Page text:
Israel likely committed war crimes in Gaza, group charges

Human Rights Watch says Israel fired indiscriminately in two cases and used disproportionate firepower in a third

Smoke rises from buildings following an Israeli air strike on Gaza City on August 20, 2014. (photo credit: AFP/MAHMUD HAMS)
Smoke rises from buildings following an Israeli air strike on Gaza City on August 20, 2014. (photo credit: AFP/MAHMUD HAMS)

Israel is likely to have committed war crimes in Gaza, Human Rights Watch said Thursday, a day after the army announced five criminal investigations into incidents involving its forces.

The 50-day Gaza war between Israel and Hamas-led terrorists ended on August 26 after killing more than 2,100 Palestinians, most of them civilians, according to Gaza-based medical sources.

Israel has said that as many as 1,000 killed were fighters and contends that Hamas is largely responsible for civilian casualties due to its tactics of firing from populated areas and using human shields.

The New York-based rights watchdog said in a statement that in three cases it examined, Israel caused “numerous civilian casualties in violation of the laws of war.”

The incidents were the separate shellings of two UN schools in northern Gaza on July 24 and 30, and a guided missile strike on another UN school in the southern city of Rafah on August 3.

The attacks killed a total of 45 people including 17 children, HRW said.

“Two of the three attacks Human Rights Watch investigated… did not appear to target a military objective or were otherwise unlawfully indiscriminate. The third attack in Rafah was unlawfully disproportionate if not otherwise indiscriminate.”

“Unlawful attacks carried out willfully — that is, deliberately or recklessly — are war crimes,” it said.

A top army legal official said Wednesday the military was already launching criminal investigations into five incidents, including the July 24 case, where Israeli shelling was reported to have killed at least 15 people at a UN school in Beit Hanun in northern Gaza.

Israel said after an initial review that a shell hit the school, which was empty at the time, and it had not caused the casualties.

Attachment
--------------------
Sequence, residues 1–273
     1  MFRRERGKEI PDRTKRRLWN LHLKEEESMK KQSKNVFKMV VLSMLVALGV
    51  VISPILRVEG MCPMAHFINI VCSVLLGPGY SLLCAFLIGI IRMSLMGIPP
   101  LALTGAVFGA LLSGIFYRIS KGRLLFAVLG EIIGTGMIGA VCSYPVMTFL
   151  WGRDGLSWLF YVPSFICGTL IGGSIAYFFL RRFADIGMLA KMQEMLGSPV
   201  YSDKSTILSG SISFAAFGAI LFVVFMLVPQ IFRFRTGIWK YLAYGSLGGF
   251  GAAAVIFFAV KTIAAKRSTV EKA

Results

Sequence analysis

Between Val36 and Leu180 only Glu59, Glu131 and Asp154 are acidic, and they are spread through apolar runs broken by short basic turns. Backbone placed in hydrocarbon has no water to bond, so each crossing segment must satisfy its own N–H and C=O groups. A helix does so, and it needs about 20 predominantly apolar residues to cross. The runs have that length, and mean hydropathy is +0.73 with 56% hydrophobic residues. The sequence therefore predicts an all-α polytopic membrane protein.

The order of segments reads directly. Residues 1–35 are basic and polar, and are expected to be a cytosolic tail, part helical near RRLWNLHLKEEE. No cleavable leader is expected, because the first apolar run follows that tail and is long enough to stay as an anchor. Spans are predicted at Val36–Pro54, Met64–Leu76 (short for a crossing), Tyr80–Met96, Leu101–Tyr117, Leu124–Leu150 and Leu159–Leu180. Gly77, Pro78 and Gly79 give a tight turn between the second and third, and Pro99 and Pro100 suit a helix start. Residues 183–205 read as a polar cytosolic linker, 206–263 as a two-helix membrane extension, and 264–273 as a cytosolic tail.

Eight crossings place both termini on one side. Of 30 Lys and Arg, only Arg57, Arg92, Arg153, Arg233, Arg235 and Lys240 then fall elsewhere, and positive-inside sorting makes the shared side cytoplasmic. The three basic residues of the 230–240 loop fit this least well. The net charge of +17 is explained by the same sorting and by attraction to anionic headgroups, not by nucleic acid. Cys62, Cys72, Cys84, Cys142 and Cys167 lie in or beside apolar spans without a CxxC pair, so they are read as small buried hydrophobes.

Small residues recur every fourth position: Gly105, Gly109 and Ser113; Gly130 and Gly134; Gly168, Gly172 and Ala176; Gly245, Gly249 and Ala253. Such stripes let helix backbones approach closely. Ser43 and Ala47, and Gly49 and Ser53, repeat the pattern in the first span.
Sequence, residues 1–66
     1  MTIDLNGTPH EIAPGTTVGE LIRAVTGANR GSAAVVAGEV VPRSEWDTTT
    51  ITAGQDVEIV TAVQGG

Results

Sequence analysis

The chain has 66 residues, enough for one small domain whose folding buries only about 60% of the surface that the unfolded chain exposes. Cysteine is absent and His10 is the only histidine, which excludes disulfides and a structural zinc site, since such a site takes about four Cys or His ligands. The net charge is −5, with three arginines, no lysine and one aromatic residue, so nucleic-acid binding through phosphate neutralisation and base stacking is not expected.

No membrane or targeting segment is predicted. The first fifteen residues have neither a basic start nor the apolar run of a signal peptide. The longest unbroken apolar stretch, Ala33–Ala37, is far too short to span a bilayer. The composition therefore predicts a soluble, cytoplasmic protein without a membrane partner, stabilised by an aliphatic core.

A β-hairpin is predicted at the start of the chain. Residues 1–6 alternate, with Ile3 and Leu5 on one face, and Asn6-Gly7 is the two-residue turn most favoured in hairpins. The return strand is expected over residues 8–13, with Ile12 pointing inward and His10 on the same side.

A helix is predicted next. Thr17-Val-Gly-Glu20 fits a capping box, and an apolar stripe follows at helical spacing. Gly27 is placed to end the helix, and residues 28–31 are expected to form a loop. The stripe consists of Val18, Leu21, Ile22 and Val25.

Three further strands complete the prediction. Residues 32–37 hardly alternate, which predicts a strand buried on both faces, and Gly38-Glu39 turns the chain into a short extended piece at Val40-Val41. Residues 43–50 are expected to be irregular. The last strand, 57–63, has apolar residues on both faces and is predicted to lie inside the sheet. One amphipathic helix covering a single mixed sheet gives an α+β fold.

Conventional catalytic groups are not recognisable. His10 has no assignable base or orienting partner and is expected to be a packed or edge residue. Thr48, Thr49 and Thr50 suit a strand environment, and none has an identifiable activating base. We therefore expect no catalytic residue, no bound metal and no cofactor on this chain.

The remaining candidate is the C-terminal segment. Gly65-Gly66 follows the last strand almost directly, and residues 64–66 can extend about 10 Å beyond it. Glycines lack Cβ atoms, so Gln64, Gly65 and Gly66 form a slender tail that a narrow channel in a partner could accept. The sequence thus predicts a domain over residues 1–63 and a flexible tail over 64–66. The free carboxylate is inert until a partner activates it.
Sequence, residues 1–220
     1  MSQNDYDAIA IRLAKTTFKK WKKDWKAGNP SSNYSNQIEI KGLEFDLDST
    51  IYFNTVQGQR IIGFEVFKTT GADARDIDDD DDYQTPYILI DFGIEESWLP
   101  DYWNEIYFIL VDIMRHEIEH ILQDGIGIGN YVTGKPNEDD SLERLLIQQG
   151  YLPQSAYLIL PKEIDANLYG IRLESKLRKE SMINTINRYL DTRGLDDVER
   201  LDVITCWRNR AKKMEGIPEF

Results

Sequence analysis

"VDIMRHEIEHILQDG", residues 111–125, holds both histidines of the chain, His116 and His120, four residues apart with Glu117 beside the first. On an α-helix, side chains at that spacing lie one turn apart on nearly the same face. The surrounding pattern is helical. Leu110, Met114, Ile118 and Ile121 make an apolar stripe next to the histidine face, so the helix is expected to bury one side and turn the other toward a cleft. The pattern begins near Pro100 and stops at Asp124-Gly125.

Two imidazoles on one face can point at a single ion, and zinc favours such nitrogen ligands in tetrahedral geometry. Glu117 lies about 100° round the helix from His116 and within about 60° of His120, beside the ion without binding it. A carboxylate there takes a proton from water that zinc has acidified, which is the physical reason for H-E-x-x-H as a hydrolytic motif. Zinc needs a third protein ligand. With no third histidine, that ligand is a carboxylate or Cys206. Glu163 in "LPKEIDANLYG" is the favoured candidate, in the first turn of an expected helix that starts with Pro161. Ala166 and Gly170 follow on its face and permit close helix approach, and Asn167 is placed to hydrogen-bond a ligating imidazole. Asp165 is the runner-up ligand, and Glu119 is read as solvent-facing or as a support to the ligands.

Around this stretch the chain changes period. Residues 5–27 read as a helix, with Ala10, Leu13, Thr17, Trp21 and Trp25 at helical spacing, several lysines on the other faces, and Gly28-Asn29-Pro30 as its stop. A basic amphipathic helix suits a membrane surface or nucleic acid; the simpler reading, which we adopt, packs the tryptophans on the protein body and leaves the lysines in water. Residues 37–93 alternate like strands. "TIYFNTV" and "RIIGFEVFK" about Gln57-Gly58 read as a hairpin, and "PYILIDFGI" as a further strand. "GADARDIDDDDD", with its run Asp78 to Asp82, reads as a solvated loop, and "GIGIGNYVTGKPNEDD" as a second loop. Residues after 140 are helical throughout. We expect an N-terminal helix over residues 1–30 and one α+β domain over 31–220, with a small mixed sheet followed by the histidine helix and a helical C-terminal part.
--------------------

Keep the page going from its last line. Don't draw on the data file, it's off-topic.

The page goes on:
The army is to look into several dozen other cases for potential criminal investigation, but has not yet mentioned the July 30 or August 3 incidents.

Following the July 30 incident, the IDF said that Israeli soldiers fired several tank shells at the UN school in response to mortar shells fired by Gazan operatives from there.

In the aftermath of the August 3 strike, the IDF issued a statement saying that forces had targeted three Palestinian Islamic Jihad terrorists on board a motorcycle in vicinity of an UNRWA school in Rafah, and added that “the IDF is reviewing the consequences of this strike.”

However, the attack still garnered condemnation, with the US asserting that “The suspicion that militants are operating nearby does not justify strikes that put at risk the lives of so many innocent civilians.”

The official said the army had already dismissed seven incidents referred for review, including the death of eight members of a single family in an Israeli air strike on their home, and the killing of a man reports said was a media worker.

“Israel has a long record of failing to undertake credible investigations into alleged war crimes,” HRW said.

The United Nations and international rights groups have condemned Israel for numerous attacks, and Washington slammed the July 24 UN school attack, but refrained from placing the blame squarely on Israel.

The Palestinians have threatened Israel with action at the International Criminal Court over war crimes allegations, and Hamas has signed a proposal for Palestinians to join the body, potentially opening itself up to investigation.

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